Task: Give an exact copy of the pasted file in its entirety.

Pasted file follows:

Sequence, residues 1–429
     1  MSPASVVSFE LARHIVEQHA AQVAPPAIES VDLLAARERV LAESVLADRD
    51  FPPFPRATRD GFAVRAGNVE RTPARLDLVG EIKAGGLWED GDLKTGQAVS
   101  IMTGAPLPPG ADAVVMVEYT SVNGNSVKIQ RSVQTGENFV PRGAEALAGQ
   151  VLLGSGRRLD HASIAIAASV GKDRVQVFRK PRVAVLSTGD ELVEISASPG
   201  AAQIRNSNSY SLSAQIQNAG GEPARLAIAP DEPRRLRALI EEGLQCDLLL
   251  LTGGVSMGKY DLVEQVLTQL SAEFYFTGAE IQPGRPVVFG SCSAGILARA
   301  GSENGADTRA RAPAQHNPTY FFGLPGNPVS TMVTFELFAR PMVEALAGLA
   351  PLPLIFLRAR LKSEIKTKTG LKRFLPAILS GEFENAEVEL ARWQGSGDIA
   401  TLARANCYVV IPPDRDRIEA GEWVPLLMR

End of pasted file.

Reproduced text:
Sequence, residues 1–429
     1  MSPASVVSFE LARHIVEQHA AQVAPPAIES VDLLAARERV LAESVLADRD
    51  FPPFPRATRD GFAVRAGNVE RTPARLDLVG EIKAGGLWED GDLKTGQAVS
   101  IMTGAPLPPG ADAVVMVEYT SVNGNSVKIQ RSVQTGENFV PRGAEALAGQ
   151  VLLGSGRRLD HASIAIAASV GKDRVQVFRK PRVAVLSTGD ELVEISASPG
   201  AAQIRNSNSY SLSAQIQNAG GEPARLAIAP DEPRRLRALI EEGLQCDLLL
   251  LTGGVSMGKY DLVEQVLTQL SAEFYFTGAE IQPGRPVVFG SCSAGILARA
   301  GSENGADTRA RAPAQHNPTY FFGLPGNPVS TMVTFELFAR PMVEALAGLA
   351  PLPLIFLRAR LKSEIKTKTG LKRFLPAILS GEFENAEVEL ARWQGSGDIA
   401  TLARANCYVV IPPDRDRIEA GEWVPLLMR